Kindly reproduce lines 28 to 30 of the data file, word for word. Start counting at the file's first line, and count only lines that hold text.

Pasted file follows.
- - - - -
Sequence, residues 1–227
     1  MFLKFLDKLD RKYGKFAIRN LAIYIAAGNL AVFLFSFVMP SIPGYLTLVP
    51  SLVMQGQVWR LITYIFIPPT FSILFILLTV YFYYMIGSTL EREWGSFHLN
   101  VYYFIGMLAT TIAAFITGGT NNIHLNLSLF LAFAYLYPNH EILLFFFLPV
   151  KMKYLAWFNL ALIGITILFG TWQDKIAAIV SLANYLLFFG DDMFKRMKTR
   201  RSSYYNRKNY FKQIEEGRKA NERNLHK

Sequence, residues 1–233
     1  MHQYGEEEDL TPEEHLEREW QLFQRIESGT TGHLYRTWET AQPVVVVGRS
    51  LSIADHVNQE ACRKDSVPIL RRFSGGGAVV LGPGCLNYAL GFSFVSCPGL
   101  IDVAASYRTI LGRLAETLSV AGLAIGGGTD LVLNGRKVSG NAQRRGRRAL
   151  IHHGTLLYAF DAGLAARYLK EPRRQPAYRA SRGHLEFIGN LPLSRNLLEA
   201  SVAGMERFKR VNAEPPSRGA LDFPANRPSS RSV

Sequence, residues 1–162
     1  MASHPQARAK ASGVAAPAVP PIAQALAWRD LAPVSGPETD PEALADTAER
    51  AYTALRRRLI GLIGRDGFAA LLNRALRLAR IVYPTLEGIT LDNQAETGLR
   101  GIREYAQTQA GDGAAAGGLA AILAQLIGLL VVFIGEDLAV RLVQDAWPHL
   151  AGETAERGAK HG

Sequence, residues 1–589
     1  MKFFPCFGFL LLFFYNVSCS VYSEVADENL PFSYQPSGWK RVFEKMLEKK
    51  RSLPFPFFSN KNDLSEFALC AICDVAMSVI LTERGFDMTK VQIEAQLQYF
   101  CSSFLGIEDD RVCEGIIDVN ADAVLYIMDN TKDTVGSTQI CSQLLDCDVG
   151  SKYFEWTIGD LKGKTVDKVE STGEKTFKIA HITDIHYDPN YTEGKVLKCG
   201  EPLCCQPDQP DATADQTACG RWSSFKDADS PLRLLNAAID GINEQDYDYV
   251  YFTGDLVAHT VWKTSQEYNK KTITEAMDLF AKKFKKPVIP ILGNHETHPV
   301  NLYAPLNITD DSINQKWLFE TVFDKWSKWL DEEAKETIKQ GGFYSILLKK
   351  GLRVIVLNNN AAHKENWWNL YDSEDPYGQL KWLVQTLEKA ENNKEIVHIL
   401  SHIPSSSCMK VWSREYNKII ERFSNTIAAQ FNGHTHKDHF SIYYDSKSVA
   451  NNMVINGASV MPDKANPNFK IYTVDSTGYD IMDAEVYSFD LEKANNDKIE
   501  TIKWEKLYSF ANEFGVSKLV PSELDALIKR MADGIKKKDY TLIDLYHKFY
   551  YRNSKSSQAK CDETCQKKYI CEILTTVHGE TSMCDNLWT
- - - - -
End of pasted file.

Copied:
   451  NNMVINGASV MPDKANPNFK IYTVDSTGYD IMDAEVYSFD LEKANNDKIE
   501  TIKWEKLYSF ANEFGVSKLV PSELDALIKR MADGIKKKDY TLIDLYHKFY
   551  YRNSKSSQAK CDETCQKKYI CEILTTVHGE TSMCDNLWT